Tuesday, 31 January 2012

January Stay at Homes


It has been a strange few weeks.  The weather has been so unseasonal with high winds and drizzle.  There have been days when it has never seemed to get properly light and we’ve had the lights on all day.  Even cars have been driving around with their lights on in day time.  We’ve been kept busy with working on photos and websites so we don’t waste the good weather.

Jon came to lunch as he was seeing a client in Bradford and then driving on to Manchester for a meeting.  It was great to see him and catch up on news.  I suppose it’s a sign of the times that he just logged into our network and checked his work emails and dealt with queries.  Keeping in touch is so much easier nowadays.

We have booked our flights to the USA for the summer holidays.  We are staying on Cape Cod in a lovely traditional house.  It looks as if there will be eleven of us with the possibility of another two.  Rosie and Mike will fly over on the same flight and stay on an extra week in the Boston area.  Dave, Tara and Simon will fly up and so will Vickie, Jay, Darvik and Danika.  It is going to be great, especially as we thought we wouldn’t manage a family holiday this year.

We’ve been diving out the door whenever it has been fine and not too windy to get in a few walks.  We’re lucky round here with a lot of public parks.


This one is just over the main road from us and you can see the back of Bankfield House, once the home of Colonel Akroyd who built our village, and it is now a museum.


That is winter heather above, flowering on a bank in the park and below is Pule Hill, which we can see from our house as well.


One of our favourite parks is at Lightcliffe, about three miles away.  It is known as The Stray and is a very open area of 11 acres of grass with trees.


I had always assumed that an area called ‘The Stray’ – there is one in Harrogate as well – would be associated with the gathering of stray sheep.  Apparently I was wrong and the one at Harrogate was set up to protect the springs.  Why this is called ‘The Stray’ I have no idea and Mr Google offers no clues that I can find.


The church shown above was the Congregational Church, though it is now offices. It is unusual, as a Congregational Church, for having a steeple and also a full ring of bells.  The park makes for a pleasant walk all through the year and the criss-cross of paths make it easy to get back to the car if the weather suddenly closes in.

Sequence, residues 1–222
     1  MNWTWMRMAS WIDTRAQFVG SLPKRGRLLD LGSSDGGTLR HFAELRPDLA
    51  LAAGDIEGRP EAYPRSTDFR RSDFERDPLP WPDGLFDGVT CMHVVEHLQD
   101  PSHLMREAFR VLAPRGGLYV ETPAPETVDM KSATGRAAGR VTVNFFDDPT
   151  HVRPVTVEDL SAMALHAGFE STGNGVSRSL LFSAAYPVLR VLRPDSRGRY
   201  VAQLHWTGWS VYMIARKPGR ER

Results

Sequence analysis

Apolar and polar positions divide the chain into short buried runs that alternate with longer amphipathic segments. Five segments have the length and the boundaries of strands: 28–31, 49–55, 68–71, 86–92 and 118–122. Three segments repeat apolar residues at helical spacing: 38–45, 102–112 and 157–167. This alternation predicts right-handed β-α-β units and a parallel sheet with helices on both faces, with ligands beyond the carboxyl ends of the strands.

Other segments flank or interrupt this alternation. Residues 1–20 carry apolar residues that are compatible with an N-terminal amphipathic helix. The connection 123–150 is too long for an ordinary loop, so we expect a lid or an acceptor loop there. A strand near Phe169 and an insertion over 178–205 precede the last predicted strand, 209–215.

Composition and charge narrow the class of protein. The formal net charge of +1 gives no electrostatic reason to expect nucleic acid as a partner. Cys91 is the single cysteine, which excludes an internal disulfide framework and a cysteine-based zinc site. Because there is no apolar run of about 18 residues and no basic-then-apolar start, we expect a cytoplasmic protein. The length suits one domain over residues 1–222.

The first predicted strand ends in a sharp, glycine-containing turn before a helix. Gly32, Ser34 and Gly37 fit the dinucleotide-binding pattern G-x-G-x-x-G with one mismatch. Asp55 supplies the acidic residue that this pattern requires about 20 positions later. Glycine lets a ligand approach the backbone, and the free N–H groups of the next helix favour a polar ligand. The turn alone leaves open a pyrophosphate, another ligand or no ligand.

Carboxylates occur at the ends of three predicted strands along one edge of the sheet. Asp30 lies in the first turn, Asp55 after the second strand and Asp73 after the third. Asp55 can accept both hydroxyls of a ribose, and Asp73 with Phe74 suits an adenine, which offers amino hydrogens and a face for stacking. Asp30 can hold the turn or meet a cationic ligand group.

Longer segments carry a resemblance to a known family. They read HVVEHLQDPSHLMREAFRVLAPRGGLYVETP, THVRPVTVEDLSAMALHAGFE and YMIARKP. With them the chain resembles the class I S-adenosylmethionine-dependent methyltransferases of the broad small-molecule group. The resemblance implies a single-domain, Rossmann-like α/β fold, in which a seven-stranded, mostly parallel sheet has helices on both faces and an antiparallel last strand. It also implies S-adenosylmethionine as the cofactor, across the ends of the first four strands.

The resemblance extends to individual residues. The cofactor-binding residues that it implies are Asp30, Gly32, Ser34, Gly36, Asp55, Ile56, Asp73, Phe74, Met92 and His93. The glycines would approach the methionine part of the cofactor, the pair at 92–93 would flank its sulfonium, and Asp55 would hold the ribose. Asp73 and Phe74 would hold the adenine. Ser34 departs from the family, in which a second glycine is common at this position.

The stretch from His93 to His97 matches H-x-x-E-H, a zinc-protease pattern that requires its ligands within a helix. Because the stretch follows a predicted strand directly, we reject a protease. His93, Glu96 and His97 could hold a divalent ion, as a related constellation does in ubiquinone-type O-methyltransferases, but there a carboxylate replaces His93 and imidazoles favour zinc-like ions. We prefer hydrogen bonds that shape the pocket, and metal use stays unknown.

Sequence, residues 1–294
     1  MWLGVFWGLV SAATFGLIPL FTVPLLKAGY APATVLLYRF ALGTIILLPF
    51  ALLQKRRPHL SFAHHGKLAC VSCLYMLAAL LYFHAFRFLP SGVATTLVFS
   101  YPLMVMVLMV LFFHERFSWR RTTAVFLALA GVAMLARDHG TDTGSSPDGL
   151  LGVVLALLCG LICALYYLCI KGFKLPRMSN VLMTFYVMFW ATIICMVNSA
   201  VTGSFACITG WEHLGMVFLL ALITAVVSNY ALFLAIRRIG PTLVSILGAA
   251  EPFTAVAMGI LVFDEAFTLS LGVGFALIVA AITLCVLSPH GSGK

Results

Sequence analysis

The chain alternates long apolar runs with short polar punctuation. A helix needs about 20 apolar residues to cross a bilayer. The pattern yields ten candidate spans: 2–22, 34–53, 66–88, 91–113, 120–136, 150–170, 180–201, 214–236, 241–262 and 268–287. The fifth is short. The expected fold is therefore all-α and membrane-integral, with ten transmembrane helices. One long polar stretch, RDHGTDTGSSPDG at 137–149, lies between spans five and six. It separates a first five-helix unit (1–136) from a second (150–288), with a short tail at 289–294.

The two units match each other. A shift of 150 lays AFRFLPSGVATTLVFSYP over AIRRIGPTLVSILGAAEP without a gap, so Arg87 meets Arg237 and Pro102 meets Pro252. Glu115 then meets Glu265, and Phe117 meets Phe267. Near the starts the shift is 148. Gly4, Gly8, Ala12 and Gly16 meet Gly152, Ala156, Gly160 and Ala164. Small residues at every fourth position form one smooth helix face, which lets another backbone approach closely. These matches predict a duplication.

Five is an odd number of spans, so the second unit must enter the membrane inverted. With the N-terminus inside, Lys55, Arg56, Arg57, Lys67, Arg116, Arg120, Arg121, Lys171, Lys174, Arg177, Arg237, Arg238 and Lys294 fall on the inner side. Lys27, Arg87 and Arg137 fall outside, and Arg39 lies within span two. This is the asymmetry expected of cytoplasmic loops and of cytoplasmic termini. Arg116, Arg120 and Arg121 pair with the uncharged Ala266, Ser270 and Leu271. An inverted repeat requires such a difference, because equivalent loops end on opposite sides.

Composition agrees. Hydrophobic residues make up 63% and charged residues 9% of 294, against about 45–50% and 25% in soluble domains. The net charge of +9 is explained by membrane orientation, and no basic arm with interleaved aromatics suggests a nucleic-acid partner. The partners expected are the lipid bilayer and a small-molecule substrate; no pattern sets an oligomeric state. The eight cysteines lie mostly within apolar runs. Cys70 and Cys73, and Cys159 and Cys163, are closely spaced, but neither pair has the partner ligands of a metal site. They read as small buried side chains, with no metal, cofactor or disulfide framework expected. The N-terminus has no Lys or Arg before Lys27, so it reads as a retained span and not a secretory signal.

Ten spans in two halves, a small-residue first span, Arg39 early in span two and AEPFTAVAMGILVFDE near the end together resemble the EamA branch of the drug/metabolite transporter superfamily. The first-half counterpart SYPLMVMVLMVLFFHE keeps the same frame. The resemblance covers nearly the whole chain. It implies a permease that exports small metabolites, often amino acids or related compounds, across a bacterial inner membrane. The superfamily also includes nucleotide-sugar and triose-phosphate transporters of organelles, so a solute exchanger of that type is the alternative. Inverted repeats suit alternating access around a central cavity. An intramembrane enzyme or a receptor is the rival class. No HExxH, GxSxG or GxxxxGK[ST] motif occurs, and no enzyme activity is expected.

We’ve made one longer trip in the second half of January. Last Saturday (28th) we woke to find a thin carpet of snow and bright sunshine so we decided to try and find some more snow by driving up to the the Lake District.

There was no more than at home as we climbed up to Ovenden and, when we started the run down to Denholme, there was none to be seen.  Not deterred, we drove on and, eventually saw snow on the hills in the distance and we chased it with the determination of thirsty travellers following a mirage in the desert.



Crossing Lake Windermere at the Hawkshead Ferry – the last time we shall make that journey at £4.30 for about 5 minutes of crossing! – and drove up narrow lanes to Hawkshead with the snow still a glint on the horizon.  When you meet a bus on a lane like the one below, you swing in your wing mirrors, snuggle up to the wall and think thin thoughts!


We only go to the Lake District in the winter as it is just too crowded in the summer.  This was perfect with plenty of room to swing the proverbial cat and we headed for the Queens Head for lunch.


An Inn since the early 17th century, it is welcoming and cosy with an open fire, low ceiling beams, and warm wood panelling.



Enormous pieces of beer battered fish and thick, perfectly cooked chips were consumed with no regard to cholesterol or calories.

Eventually, replete and in no mood to take the exercise we so desperately needed after such a meal, we staggered back to the car and resumed our search for snow.


Still it eluded us and we decided to take the Kirkstone Pass.  Surely there would be snow on the highest pass in the Lake District?

Alas, the pass was closed – whether to snow or for some other reason the sign did not say – so we metaphorically shook the snow of Cumbria off our car tires and set off back for home.  We were rewarded by a lovely view of Ingleborough, well covered in snow and arrived home at dusk, needing only a sandwich for supper.


Now we wait to see what February brings.

Saturday, 14 January 2012

Friday the 13th–A Lovely Day

Despite its reputation as a day for disasters, Friday the 13th January 2012 showed us the best weather so far this year.

It was cold, crisp, there was no wind and, best of all . . . it was sunny.